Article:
In the year 1847, my mother's health began to fail, and father, thinking that a change of climate might help her, decided to go West. He sold our farm and stock during the next year and, packing a few things into a wagon, hired a man to take them and us to Buffalo. There we loaded our goods on a boat and sailed up Lake Erie to Toledo, Ohio. After a short trip into Michigan to visit my mother's relatives who had come West some years before, father decided to settle down on a farm in Williams County, Ohio. Mother failed to improve and so when spring came again we moved to another farm near Adrian, Michigan. After living here a short time, father decided to try the climate of Illinois. He had heard glowing reports, too, of its crops from a brother who had settled there.

Father bought a yoke of oxen and a new wagon. On this he built a frame work, fastened bows, and covered them with canvas. Then we loaded our cooking utensils and bedding, an ax, a log chain, and a few household goods and set out in the year 1850 for Knox County, Illinois. Before we came to the end of our journey both oxen became sick, so we stopped for a time at a small place called Aux Sable. After a week or so the oxen got better and father sold them. There were no railroads in that part of the country and so my brother, then a boy of sixteen, walked from there to Rio, in Knox County, to get his uncle to come after us with a team. Several days passed before they returned to take us to our new home. On this journey we stopped overnight at taverns along the way as mother was not strong enough to stand camping out, but we cooked our meals by a campfire. One day each week we stopped by a stream or near some farmhouse to do our washing.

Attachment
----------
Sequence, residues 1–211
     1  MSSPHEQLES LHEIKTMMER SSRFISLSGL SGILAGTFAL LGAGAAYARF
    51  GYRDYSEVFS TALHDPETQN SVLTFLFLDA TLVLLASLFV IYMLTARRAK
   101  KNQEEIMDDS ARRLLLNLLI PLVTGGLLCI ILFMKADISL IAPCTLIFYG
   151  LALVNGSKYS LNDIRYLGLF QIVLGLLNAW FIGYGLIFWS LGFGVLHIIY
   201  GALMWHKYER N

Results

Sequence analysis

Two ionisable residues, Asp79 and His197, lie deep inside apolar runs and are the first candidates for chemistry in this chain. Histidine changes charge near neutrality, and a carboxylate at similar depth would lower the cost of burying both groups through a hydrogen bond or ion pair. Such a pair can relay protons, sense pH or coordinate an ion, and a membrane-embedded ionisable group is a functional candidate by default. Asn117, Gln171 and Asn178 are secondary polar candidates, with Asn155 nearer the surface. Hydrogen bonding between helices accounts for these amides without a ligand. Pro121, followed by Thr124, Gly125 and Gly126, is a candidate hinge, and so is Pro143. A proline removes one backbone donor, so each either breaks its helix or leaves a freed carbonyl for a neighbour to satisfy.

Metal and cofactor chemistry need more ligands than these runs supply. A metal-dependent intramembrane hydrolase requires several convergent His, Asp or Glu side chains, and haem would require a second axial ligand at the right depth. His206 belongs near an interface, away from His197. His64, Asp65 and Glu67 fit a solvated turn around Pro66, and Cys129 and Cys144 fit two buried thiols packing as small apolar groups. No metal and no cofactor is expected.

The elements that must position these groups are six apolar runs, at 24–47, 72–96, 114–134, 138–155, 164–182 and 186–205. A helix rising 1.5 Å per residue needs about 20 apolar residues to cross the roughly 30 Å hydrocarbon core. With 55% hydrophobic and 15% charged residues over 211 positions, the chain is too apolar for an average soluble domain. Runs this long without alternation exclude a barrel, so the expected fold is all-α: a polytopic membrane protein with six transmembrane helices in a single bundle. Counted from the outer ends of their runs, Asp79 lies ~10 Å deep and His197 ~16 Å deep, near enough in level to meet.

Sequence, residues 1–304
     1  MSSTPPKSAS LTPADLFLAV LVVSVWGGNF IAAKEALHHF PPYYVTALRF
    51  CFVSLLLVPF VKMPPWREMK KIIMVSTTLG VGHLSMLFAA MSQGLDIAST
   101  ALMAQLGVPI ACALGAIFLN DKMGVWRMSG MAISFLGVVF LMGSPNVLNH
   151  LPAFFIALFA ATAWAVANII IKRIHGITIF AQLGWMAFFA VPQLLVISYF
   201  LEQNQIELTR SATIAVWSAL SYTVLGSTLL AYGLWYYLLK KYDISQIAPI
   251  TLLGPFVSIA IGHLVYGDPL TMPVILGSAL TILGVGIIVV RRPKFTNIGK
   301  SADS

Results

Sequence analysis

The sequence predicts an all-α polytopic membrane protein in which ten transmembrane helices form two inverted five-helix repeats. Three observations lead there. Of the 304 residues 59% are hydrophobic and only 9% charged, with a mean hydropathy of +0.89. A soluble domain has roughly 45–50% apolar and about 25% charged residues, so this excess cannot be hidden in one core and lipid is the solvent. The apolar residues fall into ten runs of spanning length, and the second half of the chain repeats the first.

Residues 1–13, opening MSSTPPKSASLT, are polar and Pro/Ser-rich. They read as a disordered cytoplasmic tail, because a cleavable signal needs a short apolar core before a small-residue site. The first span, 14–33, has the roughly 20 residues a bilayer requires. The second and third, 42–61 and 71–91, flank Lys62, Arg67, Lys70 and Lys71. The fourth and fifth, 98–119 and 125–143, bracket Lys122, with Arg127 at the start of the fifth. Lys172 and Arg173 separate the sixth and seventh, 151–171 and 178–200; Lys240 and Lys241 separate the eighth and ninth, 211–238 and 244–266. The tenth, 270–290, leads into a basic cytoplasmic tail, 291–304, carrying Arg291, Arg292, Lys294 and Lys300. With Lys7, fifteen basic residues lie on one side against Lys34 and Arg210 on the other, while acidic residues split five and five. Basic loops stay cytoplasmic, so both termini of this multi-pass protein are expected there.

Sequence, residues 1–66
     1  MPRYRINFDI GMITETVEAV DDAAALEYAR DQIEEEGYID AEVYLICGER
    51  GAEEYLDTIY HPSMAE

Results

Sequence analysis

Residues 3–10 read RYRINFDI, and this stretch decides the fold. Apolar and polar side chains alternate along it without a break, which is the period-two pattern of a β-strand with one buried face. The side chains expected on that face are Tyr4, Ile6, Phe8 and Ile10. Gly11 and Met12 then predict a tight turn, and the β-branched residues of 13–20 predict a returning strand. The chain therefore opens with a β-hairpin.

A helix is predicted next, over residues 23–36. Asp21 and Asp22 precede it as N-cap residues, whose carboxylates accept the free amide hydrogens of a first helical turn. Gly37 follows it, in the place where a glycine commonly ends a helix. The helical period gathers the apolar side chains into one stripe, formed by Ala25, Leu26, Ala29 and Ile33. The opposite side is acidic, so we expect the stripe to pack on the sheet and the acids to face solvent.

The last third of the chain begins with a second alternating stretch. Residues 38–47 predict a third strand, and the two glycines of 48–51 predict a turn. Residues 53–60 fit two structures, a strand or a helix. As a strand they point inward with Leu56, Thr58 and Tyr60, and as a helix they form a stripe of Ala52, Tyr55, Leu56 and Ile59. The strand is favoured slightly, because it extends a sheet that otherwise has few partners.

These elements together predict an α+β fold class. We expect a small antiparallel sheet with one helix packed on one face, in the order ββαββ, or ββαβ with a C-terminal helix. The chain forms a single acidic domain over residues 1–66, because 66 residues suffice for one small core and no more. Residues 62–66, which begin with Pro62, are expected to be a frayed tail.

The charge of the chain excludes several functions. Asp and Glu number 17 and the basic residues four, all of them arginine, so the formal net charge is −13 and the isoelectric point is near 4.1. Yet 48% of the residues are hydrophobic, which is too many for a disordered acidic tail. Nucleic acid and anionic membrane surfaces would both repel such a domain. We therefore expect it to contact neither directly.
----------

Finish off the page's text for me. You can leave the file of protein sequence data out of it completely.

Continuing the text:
After we arrived at the home of my uncle near Rio we visited with his family for a few weeks, then father rented a farm. During the first fall he helped pick corn for his neighbors, getting every third load for picking it. The next year he raised a big crop of corn, wheat, and oats; but it was hard to get ahead as the price of all grain was so low. And in the absence of railroads in that part of Illinois it was difficult to get the grain to market. I have seen corn fenced up in rail pens and allowed to stay there until it rotted. It could not be sold at any price. All of our neighbors had come from the East, hoping to get a new home at a low price. Some liked the new country, but others sold out, packed up, and returned to their native States.

My sisters and I started to school again when we settled down in our Illinois home; and, after taking all the work offered in the country school at that time, three of us started to teach. My salary was eight dollars per month and I had to board round at the homes of my pupils, a week at each place; and since the nearest home was one mile from the schoolhouse I think I earned my wages.

One event that happened the same fall that I started to teach school stands out in my memory. Far and wide the news spread that Stephen A. Douglas and Abraham Lincoln would hold a debate at Galesburg on October 7, 1858. The girls near Rio decided that we would attend the debate in a body. Accordingly, we decorated a hay wagon and each girl made a banner to carry with the name of a State on it. I chose New York as that was my native State. We limited our party to thirty-two, the number of States in the Union at that time. As most of us were Republicans we made one large banner with the slogan "Rio, Lincoln, and Liberty".